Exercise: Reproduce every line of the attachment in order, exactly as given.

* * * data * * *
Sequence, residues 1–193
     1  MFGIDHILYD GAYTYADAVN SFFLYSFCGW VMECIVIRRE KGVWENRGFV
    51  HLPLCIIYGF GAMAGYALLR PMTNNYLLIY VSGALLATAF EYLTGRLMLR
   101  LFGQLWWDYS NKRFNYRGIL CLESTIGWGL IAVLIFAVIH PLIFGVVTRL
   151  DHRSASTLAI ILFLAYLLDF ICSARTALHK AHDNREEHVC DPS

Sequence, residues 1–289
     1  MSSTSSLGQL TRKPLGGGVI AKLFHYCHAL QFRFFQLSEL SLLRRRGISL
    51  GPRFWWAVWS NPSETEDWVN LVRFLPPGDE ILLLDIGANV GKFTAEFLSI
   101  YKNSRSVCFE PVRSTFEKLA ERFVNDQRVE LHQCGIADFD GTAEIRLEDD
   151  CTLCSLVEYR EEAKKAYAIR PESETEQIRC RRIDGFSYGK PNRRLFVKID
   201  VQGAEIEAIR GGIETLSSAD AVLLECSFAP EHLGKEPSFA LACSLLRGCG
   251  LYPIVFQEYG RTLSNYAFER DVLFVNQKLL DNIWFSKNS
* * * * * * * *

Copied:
Sequence, residues 1–193
     1  MFGIDHILYD GAYTYADAVN SFFLYSFCGW VMECIVIRRE KGVWENRGFV
    51  HLPLCIIYGF GAMAGYALLR PMTNNYLLIY VSGALLATAF EYLTGRLMLR
   101  LFGQLWWDYS NKRFNYRGIL CLESTIGWGL IAVLIFAVIH PLIFGVVTRL
   151  DHRSASTLAI ILFLAYLLDF ICSARTALHK AHDNREEHVC DPS

Sequence, residues 1–289
     1  MSSTSSLGQL TRKPLGGGVI AKLFHYCHAL QFRFFQLSEL SLLRRRGISL
    51  GPRFWWAVWS NPSETEDWVN LVRFLPPGDE ILLLDIGANV GKFTAEFLSI
   101  YKNSRSVCFE PVRSTFEKLA ERFVNDQRVE LHQCGIADFD GTAEIRLEDD
   151  CTLCSLVEYR EEAKKAYAIR PESETEQIRC RRIDGFSYGK PNRRLFVKID
   201  VQGAEIEAIR GGIETLSSAD AVLLECSFAP EHLGKEPSFA LACSLLRGCG
   251  LYPIVFQEYG RTLSNYAFER DVLFVNQKLL DNIWFSKNS